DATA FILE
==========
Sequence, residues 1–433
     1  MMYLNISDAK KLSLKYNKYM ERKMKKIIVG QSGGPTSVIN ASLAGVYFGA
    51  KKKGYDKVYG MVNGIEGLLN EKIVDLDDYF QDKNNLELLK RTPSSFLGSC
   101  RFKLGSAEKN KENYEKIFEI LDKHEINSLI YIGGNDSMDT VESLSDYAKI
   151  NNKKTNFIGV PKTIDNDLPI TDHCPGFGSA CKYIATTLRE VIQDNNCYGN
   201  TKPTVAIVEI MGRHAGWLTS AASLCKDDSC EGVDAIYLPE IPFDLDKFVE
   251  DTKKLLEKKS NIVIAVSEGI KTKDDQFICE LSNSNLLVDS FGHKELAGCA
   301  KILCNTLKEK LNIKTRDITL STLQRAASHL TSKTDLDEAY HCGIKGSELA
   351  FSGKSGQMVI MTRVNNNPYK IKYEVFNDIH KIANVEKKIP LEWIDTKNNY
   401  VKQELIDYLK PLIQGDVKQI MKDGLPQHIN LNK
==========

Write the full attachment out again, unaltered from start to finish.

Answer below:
Sequence, residues 1–433
     1  MMYLNISDAK KLSLKYNKYM ERKMKKIIVG QSGGPTSVIN ASLAGVYFGA
    51  KKKGYDKVYG MVNGIEGLLN EKIVDLDDYF QDKNNLELLK RTPSSFLGSC
   101  RFKLGSAEKN KENYEKIFEI LDKHEINSLI YIGGNDSMDT VESLSDYAKI
   151  NNKKTNFIGV PKTIDNDLPI TDHCPGFGSA CKYIATTLRE VIQDNNCYGN
   201  TKPTVAIVEI MGRHAGWLTS AASLCKDDSC EGVDAIYLPE IPFDLDKFVE
   251  DTKKLLEKKS NIVIAVSEGI KTKDDQFICE LSNSNLLVDS FGHKELAGCA
   301  KILCNTLKEK LNIKTRDITL STLQRAASHL TSKTDLDEAY HCGIKGSELA
   351  FSGKSGQMVI MTRVNNNPYK IKYEVFNDIH KIANVEKKIP LEWIDTKNNY
   401  VKQELIDYLK PLIQGDVKQI MKDGLPQHIN LNK